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User-Centered Software Development


ACHTUNG: Die erste Übung findet erst am 08.05.2017 statt.
TypeLecture with Exercise
InstructorClaudia Müller-Birn, Jesse Benjamin
Credit Points5
RoomTakustr.9 HS 01
StartApr 24, 2017
endJul 17, 2017

Monday 16-18 Lecture

Monday 14-16 Excercise



  • Jakob Nielsen. "Usability Engineering". Boston: Academic Press, Inc. 1993.
  • Donald A. Norman, "The Design of Everyday Things". Basic Books, 1988.


The crucial question in the private, as well as corporate context today, is no longer whether software is used, but which among many is chosen. Rarely included explicitly in such decision-making processes is the software’s usability, though implicitly it is an aspect with tremendous influence on the choice of any software.

Good usability and a positive user experience can only be ensured by knowing and understanding the users’ expressed as well as hidden desires and cognitive abilities. To ensure project or product success, awareness of users and their desires is as fundamental as using the ‘right’ technology for the ‘right’ approach. Yet usability is not an inherent quality of software, nor can it be developed and plugged-in at any point. Usability is always embedded within a particular context of use, which needs to be fully understood in order to heighten it. Additionally, improving usability has to be integrated into the entire software development process; with diverse principles and methods to be chosen and adapted depending on the phase and situation of the project.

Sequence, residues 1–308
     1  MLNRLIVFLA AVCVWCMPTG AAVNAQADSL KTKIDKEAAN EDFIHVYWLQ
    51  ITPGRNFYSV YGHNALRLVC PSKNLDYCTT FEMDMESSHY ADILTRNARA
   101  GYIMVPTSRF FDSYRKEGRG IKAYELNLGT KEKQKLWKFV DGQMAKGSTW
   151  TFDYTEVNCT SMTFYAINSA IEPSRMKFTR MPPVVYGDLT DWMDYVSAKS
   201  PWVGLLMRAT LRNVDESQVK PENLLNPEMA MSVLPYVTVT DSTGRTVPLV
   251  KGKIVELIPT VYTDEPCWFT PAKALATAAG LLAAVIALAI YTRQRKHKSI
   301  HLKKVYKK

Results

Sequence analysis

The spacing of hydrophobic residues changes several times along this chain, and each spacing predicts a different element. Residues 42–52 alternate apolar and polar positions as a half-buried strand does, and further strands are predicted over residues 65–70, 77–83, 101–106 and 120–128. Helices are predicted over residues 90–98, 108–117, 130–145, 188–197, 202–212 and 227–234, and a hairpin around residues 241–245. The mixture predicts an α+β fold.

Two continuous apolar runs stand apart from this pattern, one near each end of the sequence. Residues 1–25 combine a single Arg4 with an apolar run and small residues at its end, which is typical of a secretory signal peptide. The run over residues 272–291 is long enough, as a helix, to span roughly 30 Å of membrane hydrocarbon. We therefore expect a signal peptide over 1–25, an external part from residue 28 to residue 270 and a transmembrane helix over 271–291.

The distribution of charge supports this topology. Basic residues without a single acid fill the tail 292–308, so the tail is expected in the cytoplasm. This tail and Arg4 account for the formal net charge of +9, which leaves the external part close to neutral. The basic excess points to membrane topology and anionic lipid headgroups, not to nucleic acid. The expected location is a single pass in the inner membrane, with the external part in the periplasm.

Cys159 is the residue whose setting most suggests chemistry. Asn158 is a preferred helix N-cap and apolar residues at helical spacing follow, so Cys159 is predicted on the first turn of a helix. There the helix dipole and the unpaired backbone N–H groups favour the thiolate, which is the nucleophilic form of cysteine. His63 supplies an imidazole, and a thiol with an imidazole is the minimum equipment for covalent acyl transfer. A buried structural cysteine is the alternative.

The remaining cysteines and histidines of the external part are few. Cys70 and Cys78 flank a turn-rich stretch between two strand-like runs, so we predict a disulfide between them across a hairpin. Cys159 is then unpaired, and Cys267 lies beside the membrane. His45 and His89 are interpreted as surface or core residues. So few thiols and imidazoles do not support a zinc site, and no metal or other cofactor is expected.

This concept strives for high usability of software for a particular user group despite complex functions and large amounts of information. To ensure this is as positive an experience as possible for the user, emotional and aesthetic aspects are included in the scope of development.